The waxy sorghum genotypes can be classified based on three mutant alleles, which can be detected using specific DNA markers that are based on their sequences [5,9]. The Korean sorghum germplasm includes more than 1600 landraces that were collected from all of the counties in South Korea and are maintained at the RDA Genebank. In this study, we sampled approximately 10% of all catalogued Korean landraces and analyzed the frequency of the waxy alleles using three mutant allele-specific DNA markers. Each individual was a randomly selected representative of each city or county in the nation. Because Korean sorghum landraces have narrow gene pools, as shown by genetic diversity analysis with SSR markers (data not shown, manuscript in preparation), one random sample per city or county should be sufficient to investigate the waxy alleles. Six varieties of Korean sorghum breeding lines were also included in this study because they are the only widely distributed sorghum germplasm in the country. All tested Korean landraces and breeding materials that had waxy genotypes contained the wx a allele, and one of these wx a landraces was heterozygous for the wx c allele. There was no indication of the existence of a new allele in the Korean sorghum germplasm and breeding materials because the genotypic and phenotypic data (determined by iodine staining and amylose content) matched perfectly. Thus, we concluded that the wx a allele could be a target for the detection and quantification of the waxy content in mixed samples.

Optimization of the qPCR assay was critical to its successful use in the detection of waxy materials. Both the primer and the target sequences can affect the efficiency, specificity and accuracy of PCR assays [16]. We designed novel sets of primers based on three different allele-specific DNA markers from the region flanking the insertion in the GBSS I gene. To provide ideal qPCR assay conditions, the primers were designed to amplify small (<200 bp) PCR products, as per the guidelines of [17]. Out of all possible primer pair combinations, the selected primer pairs showed good specificity in each type of sorghum plant; the waxy-specific primers did not amplify products from non-waxy sorghum plants and vice versa. The nonspecific primer pair amplified products from both types of sorghum. Moreover, standard curves constructed using different waxy and non-waxy sorghum varieties showed similar amplification efficiencies, further supporting the specificity of the primers in calculating the proportion of waxy DNA. It should be mentioned that BLAST analysis of the primer sequences generated hits against only the sorghum GBSS I gene, and the analysis showed 100% identity between the sequences of the GBSS I gene and the primers.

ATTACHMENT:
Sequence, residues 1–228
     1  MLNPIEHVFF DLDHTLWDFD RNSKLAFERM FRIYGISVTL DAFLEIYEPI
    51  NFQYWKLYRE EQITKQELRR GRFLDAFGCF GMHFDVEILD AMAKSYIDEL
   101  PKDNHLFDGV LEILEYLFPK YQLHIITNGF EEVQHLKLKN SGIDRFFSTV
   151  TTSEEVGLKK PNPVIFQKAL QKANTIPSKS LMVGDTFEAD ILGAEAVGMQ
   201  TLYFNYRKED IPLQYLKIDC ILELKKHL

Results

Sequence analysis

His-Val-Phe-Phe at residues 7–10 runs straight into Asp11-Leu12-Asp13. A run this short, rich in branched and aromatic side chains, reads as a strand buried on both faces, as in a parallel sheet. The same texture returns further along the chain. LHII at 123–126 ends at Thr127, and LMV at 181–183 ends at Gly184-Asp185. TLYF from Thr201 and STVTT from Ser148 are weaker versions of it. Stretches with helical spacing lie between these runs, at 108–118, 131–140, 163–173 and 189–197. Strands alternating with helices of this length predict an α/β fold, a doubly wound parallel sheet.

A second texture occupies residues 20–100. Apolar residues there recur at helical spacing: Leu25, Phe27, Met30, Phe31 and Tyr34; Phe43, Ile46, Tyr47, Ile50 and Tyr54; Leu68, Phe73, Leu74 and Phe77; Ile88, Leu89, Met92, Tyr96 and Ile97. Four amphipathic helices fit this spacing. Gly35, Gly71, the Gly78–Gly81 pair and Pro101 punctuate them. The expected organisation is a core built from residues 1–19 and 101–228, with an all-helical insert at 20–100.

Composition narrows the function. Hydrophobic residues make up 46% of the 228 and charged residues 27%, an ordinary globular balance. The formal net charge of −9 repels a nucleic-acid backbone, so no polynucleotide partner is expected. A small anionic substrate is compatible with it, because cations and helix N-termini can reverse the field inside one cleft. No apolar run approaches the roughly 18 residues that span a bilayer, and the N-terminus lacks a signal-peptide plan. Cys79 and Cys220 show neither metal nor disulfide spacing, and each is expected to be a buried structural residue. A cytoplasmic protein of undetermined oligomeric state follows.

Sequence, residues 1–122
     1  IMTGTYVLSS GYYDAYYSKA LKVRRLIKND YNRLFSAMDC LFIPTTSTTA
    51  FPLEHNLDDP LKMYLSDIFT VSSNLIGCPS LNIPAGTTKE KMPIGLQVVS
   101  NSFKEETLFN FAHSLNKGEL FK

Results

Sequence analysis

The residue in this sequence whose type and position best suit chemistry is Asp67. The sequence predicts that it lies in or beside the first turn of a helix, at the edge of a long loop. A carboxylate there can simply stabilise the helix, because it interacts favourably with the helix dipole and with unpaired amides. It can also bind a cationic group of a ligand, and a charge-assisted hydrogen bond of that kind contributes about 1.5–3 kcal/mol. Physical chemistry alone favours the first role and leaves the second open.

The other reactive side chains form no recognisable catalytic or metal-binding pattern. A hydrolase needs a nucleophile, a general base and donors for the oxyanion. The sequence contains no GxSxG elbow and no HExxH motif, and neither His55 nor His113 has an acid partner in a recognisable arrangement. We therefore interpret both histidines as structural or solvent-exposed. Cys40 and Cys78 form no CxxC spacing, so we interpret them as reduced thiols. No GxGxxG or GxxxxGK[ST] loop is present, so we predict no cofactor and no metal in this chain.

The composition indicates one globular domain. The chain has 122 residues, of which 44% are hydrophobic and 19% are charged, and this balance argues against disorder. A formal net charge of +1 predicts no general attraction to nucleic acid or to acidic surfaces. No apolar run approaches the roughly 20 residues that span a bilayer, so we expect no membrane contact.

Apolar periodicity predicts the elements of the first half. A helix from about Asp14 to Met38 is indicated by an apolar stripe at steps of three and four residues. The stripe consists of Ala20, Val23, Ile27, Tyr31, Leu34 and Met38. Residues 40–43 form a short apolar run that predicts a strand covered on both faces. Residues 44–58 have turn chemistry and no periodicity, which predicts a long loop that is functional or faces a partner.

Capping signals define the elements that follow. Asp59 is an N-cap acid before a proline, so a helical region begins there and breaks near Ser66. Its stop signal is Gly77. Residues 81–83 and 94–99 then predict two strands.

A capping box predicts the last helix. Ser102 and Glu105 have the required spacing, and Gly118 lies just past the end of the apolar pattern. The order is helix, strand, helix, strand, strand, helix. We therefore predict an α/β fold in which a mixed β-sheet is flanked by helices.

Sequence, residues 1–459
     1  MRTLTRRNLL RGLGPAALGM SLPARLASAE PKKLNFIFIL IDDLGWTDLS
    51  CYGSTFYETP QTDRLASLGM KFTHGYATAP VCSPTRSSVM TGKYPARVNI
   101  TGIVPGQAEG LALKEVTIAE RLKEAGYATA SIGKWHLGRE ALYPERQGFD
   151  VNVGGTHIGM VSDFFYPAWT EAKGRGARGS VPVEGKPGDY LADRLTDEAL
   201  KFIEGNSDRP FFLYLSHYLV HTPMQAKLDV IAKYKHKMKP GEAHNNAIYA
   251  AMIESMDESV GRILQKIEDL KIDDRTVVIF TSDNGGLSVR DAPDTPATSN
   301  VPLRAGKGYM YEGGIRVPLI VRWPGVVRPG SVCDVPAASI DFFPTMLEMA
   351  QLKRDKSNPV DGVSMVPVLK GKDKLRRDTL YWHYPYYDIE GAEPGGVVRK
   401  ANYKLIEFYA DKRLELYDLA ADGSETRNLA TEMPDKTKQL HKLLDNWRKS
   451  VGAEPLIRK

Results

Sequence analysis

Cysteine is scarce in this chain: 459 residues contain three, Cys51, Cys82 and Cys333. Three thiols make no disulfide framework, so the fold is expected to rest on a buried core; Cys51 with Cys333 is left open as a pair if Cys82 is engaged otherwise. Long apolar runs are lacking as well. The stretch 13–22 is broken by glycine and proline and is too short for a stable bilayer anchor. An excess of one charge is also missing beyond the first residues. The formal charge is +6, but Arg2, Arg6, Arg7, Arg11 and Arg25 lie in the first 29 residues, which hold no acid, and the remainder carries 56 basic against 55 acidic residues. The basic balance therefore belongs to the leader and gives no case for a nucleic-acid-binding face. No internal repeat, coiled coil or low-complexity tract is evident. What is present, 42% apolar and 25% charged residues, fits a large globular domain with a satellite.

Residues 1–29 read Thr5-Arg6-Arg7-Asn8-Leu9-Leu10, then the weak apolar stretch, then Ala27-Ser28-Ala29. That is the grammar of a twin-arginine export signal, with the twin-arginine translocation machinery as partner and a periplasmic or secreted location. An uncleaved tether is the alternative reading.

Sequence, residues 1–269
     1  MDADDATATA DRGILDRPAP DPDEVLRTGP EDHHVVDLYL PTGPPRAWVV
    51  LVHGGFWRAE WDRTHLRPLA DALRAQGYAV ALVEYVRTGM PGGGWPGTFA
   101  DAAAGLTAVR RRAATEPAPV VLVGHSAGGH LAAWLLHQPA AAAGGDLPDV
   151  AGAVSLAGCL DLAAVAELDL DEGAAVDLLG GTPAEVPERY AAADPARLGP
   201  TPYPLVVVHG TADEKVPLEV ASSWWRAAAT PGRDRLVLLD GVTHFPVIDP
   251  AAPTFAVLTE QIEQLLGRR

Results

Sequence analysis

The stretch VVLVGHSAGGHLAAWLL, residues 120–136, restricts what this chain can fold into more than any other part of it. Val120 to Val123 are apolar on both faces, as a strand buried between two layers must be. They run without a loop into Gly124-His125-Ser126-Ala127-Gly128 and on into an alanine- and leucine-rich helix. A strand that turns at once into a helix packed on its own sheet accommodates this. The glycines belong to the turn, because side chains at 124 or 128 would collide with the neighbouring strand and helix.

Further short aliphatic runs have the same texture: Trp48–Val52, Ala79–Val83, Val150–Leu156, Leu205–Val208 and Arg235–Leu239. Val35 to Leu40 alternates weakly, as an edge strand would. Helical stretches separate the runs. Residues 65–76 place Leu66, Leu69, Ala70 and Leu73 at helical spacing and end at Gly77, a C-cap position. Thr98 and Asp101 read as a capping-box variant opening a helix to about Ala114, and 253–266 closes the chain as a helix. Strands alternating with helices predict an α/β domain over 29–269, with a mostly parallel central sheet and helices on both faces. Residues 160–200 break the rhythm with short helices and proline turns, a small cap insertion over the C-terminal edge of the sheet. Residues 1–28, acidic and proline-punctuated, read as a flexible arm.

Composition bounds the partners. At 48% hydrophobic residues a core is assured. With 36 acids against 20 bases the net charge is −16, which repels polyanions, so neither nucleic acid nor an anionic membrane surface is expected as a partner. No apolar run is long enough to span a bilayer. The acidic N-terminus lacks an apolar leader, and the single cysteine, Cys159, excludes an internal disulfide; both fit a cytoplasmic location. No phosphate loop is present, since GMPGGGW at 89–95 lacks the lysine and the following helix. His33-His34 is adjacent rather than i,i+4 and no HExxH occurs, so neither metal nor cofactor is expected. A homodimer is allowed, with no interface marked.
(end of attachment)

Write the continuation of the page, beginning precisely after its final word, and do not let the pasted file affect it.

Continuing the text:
The sensitivity (detection limit) of the qPCR assay can be used as another criterion to indicate its robustness. Standard curves generated using DNA from waxy sorghum, non-waxy sorghum, and mixtures of both demonstrated that our qPCR analysis could efficiently measure as little as 12.0 pg of DNA. The amplification cycle of non-waxy sorghum was one cycle greater than that of waxy sorghum, and the difference in CT values between the waxy and non-waxy PCR products might be attributed to the characteristic curves of the samples’ amplicons. The presence of various PCR inhibitors, such as polyphenols, tannins and polysaccharides, may reduce the sensitivity of the qPCR assay. However, this was not the case in this study. We constructed standard curves by diluting DNA extracted with a commercial kit, and we did not detect a significant difference between the waxy and non-waxy samples. The numerous replicates resulted in similar standard curves, demonstrating that the assay is reproducible and highly robust.